A nationwide retailer recently unveiled its new mobile application, which combines geolocation data from consumers’ cell phones with Internet browsing preferences to alert customers to sales whenever they come within 10 miles of a brick-and-mortar store. The company is careful to collect and store only the data that is necessary to send the promotional “push” notifications. Customers have been informed of the data collection practices and either have given their informed consent or have opted out of the program. The general counsel has taken steps to safeguard sensitive consumer information but wants to know if there are any legal requirements to secure the newly acquired data or resources to guide the company’s efforts.

National Cyber Security Awareness Month

October is National Cyber Security Awareness Month (NCSAM), a presidentially designated campaign observed annually since 2004. NCSAM brings together government and industry leaders to increase cybersecurity awareness and to make the nation more resilient to cyber incidents. Of course, companies already are aware that electronic data is at risk of being compromised by hackers, foreign states, rogue employees and many less sensational causes, such as system malfunction and human error. “Awareness” in the cybersecurity context means being aware not only of the risks but also of existing legal obligations to mitigate those risks and of legal resources available to combat cyber threats.

Federal Cybersecurity Rules

There is no comprehensive cybersecurity legislation in the United States, but several laws impose data security requirements within specific industries.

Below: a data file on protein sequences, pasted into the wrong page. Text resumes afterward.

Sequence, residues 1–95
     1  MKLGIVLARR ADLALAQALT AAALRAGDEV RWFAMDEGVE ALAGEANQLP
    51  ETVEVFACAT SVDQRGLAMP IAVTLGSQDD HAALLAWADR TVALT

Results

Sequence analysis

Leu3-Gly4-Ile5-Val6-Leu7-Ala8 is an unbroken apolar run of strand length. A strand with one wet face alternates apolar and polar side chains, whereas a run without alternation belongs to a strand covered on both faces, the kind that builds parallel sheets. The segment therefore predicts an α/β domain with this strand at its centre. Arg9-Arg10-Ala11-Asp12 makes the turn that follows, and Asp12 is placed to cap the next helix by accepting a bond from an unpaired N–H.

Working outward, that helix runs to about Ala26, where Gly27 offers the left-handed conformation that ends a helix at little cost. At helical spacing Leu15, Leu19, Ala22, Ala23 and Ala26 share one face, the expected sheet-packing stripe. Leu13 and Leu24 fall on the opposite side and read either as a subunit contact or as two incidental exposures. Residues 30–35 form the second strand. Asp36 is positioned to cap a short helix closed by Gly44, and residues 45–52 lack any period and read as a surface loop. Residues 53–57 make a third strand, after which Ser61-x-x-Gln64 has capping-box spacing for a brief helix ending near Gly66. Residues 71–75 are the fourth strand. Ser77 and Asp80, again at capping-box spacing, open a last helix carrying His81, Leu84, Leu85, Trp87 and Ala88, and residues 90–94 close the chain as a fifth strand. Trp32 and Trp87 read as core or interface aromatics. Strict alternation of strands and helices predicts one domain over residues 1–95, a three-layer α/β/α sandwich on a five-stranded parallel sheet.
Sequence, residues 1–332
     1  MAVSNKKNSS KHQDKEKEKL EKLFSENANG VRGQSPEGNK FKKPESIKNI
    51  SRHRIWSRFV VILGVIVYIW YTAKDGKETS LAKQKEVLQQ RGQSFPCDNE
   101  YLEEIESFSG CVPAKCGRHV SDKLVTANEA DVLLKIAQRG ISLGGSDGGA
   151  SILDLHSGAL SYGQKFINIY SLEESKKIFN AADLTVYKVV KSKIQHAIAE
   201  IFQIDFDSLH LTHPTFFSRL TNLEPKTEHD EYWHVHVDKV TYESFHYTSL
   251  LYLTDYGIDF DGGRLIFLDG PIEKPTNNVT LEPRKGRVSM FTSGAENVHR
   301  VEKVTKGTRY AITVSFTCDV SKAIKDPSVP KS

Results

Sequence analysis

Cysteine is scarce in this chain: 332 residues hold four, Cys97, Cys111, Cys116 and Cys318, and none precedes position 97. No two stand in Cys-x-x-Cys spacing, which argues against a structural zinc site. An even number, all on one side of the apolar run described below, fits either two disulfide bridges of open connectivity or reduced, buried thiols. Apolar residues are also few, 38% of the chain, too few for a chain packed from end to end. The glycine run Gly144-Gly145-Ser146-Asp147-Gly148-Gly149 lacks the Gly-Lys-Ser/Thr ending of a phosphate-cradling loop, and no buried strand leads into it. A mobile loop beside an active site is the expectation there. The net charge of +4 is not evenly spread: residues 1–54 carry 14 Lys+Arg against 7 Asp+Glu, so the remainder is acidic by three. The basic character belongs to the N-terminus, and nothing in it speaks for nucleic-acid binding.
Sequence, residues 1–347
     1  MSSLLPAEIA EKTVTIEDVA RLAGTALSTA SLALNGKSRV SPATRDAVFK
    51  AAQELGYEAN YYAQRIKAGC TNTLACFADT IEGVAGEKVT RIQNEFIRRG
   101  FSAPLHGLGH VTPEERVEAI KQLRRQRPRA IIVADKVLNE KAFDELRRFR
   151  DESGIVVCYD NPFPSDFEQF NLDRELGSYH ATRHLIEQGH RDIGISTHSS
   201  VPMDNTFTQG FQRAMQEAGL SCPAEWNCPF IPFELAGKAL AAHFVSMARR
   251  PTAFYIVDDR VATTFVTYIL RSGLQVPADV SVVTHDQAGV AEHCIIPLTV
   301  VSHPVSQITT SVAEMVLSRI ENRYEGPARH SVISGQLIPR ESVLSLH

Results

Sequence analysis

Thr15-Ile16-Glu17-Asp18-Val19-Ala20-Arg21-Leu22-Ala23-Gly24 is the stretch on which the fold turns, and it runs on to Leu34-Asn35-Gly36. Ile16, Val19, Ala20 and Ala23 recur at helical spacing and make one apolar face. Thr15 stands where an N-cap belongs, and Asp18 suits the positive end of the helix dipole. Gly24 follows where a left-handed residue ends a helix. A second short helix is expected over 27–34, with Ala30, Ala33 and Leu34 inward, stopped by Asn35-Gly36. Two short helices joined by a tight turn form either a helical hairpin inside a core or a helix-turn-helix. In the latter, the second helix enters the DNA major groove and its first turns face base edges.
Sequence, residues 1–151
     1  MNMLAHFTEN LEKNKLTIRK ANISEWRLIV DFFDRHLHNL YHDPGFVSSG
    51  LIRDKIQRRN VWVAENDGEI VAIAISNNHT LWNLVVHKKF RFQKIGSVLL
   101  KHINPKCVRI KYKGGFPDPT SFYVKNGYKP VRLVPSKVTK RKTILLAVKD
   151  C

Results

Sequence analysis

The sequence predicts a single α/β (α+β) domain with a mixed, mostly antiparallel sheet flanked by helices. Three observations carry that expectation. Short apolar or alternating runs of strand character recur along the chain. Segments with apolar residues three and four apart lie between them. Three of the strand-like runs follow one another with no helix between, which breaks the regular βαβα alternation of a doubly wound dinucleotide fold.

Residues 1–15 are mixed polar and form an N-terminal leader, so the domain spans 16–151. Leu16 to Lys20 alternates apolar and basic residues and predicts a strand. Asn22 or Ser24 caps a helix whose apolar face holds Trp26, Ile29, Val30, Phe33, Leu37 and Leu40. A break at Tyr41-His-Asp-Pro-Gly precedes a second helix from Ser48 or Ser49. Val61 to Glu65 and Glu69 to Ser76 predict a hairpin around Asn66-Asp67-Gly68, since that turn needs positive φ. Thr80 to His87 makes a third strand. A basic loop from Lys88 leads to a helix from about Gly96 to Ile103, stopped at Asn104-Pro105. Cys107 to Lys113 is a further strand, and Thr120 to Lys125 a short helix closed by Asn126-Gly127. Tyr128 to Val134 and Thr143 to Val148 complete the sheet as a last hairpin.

Notably, the Gramm-Leach-Bliley Act (GLBA) requires that “financial institutions,” such as lenders and investment advisers, protect customers’ “nonpublic personal information.” Several regulators—the Federal Trade Commission (FTC), the Securities and Exchange Commission (SEC) and the Federal Reserve—implement this requirement and each has adopted its own “safeguards rule.” The FTC, for example, requires that financial institutions under its GLBA jurisdiction (e.g., mortgage brokers and payday lenders) adopt a written information security plan and other security measures.

Similarly, health care providers and other entities covered by the Health Insurance Portability and Accountability Act (HIPAA) must comply with its “Security Rule,” which outlines physical, administrative and technical safeguards for electronic “protected health information” (similar to the HIPAA Privacy Rule for non-electronic PHI). The Federal Communications Commission (FCC), in like fashion, is considering changes to its broadband privacy rules that would require Internet service providers to take reasonable steps to protect consumer data from intrusion.

State Cybersecurity Laws

Although there is no comprehensive federal law, several states have enacted data security statutes that can function as de facto minimum requirements for companies operating nationally. States such as California and Rhode Island require “reasonable” security, while other states establish more specific safeguards for their citizens’ personal information. Nevada, for example, sets stringent standards for data encryption. Massachusetts, borrowing in part from the GLBA and HIPAA rules, requires certain “administrative, technical, and physical” safeguards, a “written information security policy,” and encryption of all data transmitted outside the company. In addition, many states have industry-specific cybersecurity requirements (e.g., health insurance in Connecticut and New Jersey).